· My dog
· My weight
· My Budget - or lack there of
· My patience - or lack there of
· My hair
· The mice that will. Not. Leave. My. House.
This post is about none of the above.
This post is about addiction and therapy.
There are many drugs out there - and I admit, (hey, I went to college) I have tried a lot of them from time to time, but there is one addiction that I just cannot seem to kick. And, it's one that I just get such a high from:
Of course, it leads to immediate regret and ultimately guilt because I've got so many credit cards with HUGE balances and a credit score so low that's it's also my goal weight. It's crazy, I don't even keep half the stuff I buy, I just buy it for the high of having something new, oh, and the bag – I just lurve shopping bags, especially the glossy ones, but let's get back to my post. Then, a couple
And, no, I'm not a "renter" of new things. I worked in retail for a very long time and we had renters all the time - you know who
What I am, I've decided is a bulimic shopper. I binge (shop til I drop) and then I purge (regret, return and credit back to my card.) When I shop, sometimes it IS fun, but mostly, it’s all about chasing that “feel good high” of buying new shoes, clothes or both with one exception – it ALL has to be on sale. I get an even BIGGER rush when I’ve gotten something at an incredibly low price because
a: it justifies me buying 2 or 3 of them and
Instead of one sweater, on sale from $79 marked down to $19.99 (.99 gets me every time) I have to
It’s my moms fault. No, really. It is. My parents are much older than most of my friends (and probably yours) parents. They are 79 (my mom had me in her 40’s – yes, I’m still young-ish) and they grew up during the depression. And let me tell you, I have heard about the depression for like My. Entire. Life. I have been called spoiled since I don’t even know when. You know the story you hear from your grandparents (or in my case, my parents) about walking to school, uphill, both ways, in their bare feet? Yeah, well I heard that about everything.
“You want a new sweater, Shopgirl? When I was your age, I only had two sweaters and I had to I hand wash them every other night so I had something to wear to school.” Ewww. I would wrinkle my nose, make a face and just storm off when my mother would make that noise. My grandma lived three hours away, and since I grew up in the house of miser, I couldn’t call long distance to confirm or deny the tale of the two sweaters. Instead, I would re-treat to my bedroom and peruse through Newport and Speigel catalogs and Seventeen magazine and daydream about the day when I would be old enough to have my very own credit card and then be able to buy that sweater (or two or three) on my own.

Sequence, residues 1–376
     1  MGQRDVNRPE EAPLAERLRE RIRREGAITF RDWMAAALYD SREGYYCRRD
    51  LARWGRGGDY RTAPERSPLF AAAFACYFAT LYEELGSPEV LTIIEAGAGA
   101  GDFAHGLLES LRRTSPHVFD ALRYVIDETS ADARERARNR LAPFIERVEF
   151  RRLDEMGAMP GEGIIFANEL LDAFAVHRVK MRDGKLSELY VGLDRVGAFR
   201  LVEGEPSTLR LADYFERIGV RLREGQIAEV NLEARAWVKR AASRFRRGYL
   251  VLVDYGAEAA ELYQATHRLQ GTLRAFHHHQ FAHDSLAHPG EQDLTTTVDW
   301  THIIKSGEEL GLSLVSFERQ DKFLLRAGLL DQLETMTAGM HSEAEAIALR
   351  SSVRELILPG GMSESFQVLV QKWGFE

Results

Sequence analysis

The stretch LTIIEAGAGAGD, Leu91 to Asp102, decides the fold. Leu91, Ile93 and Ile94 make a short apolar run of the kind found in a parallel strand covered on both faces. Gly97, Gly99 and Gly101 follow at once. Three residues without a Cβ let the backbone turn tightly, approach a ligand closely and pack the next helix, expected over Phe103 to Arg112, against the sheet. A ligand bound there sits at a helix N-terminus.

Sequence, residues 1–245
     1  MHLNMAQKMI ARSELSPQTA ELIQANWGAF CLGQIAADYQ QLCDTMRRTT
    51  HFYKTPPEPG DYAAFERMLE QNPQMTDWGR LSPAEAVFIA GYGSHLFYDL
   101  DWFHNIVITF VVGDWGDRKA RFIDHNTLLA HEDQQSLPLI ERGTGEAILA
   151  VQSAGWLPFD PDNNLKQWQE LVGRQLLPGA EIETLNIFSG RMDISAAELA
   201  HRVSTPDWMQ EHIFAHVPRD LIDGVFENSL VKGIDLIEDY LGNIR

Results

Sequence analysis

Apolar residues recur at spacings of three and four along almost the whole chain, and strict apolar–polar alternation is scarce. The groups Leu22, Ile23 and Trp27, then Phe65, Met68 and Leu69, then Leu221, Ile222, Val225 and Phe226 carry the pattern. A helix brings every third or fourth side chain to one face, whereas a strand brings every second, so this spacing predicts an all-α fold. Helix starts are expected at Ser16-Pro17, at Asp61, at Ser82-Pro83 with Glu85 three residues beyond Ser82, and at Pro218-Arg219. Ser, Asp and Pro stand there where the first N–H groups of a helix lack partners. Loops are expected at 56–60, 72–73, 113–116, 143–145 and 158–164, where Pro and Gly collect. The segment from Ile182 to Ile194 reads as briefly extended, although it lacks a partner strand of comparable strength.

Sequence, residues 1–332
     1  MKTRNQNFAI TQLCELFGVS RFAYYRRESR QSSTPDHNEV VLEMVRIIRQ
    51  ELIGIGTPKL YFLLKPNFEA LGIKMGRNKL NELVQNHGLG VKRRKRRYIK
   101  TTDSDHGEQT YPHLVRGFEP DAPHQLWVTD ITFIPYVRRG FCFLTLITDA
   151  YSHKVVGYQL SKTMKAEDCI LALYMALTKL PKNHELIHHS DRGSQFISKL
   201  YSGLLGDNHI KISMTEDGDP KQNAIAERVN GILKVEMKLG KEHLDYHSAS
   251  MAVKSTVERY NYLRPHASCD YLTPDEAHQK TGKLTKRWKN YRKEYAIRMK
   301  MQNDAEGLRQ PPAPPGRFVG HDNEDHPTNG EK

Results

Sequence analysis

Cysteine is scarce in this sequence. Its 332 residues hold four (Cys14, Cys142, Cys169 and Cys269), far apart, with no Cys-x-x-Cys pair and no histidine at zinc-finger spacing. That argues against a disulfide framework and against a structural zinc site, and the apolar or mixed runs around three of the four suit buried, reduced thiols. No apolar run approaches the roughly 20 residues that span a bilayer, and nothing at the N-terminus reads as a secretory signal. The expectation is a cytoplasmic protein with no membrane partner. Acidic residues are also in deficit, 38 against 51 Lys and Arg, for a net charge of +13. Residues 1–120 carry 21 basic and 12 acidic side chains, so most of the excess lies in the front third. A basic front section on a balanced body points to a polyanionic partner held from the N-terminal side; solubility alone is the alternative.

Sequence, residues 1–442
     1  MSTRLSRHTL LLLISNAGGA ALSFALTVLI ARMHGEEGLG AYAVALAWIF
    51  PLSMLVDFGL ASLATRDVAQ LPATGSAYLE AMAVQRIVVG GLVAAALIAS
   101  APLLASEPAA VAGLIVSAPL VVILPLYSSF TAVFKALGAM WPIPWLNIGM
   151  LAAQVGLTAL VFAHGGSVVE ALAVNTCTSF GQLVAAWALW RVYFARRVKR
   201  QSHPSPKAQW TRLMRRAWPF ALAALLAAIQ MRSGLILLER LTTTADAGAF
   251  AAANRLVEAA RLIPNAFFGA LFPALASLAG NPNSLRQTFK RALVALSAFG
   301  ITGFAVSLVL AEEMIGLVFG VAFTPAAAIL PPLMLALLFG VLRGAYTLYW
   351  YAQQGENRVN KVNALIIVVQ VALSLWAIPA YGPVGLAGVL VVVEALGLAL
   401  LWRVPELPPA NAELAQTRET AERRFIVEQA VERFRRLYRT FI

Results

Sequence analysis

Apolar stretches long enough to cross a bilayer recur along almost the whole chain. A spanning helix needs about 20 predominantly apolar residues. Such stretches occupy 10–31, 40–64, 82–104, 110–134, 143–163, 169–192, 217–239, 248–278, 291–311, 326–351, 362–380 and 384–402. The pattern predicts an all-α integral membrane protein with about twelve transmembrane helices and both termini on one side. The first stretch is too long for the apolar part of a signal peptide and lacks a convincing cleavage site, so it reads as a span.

So I think that’s why I am the way I am today. Growing up, I wasn’t allowed to have many new things, and money was always talked about like it was evil. (Don't get me wrong - I had what I needed - but just not what I wanted and never, ever designer goods.) It seemed like we never had enough, so spending it on anything we wanted as opposed to needed, well it just didn’t happen in my family. I remember one time when I needed new basketball shoes and this displeased my mom to no end. (What? Bench warmer is an IMPORTANT position – what if someone gets hurt? I was there to get in the game if needed)
Anyway, tennis shoes have ALWAYS been expensive and it seems like they’re even MORE expensive when you HAVE to have them. My mom took me shopping and of course she went straight to the sale rack and found a pair of
“Oh, I don’t know mom, maybe because a 5’1” girl doesn’t normally have size 9 feet, but hey, I’m sure no one will notice and I won’t be made fun of. No. Not in middle school. The kids are swell and so considerate of everyone’s feelings and fragile egos.” I’m pretty sure this is when all of my self esteem issues started too. But I'll save that tasty treat for another post.
Tonight, however, I made progress. I went to the store to return the sexiest, but I-really-don't-need-another pair of $100 leather high heeled boots that I got on sale for $59 before Christmas, thank you very much. Going in I kept thinking to myself, I can return these way to expensive boots and buy something else because everything is marked down right now. Well, that’s exactly what the old Shopgirl did. (be patient, the progress report is coming)
I picked up four shirts that I thought were cute, but mainly because they were 50% off the original price and then an extra 40% off of that. That’s like almost FREE – right? I didn’t even try them on, I just put them on my credit card. I figured I’d try ‘em on at home, and if they didn’t fit I’d bring them back (and start the whole cycle all over again).
But. Therapy Shopgirl stayed in the store and looked around and thought about what I had just done. (I also found a couple of other things I wanted to try on – but I was thinking about my purchases) So I went to the dressing room with said purchased merchandise and the other items I picked up and began trying everything on. I ended up NOT LIKING ANYTHING and returned my previous purchase and left the store!
Well . . . . I did buy a coat. But listen, it was originally $60 – marked down to $29 and then another 40% off of that brought it to just $17. (you guessed it…99).
Baby steps. It’s all about baby steps.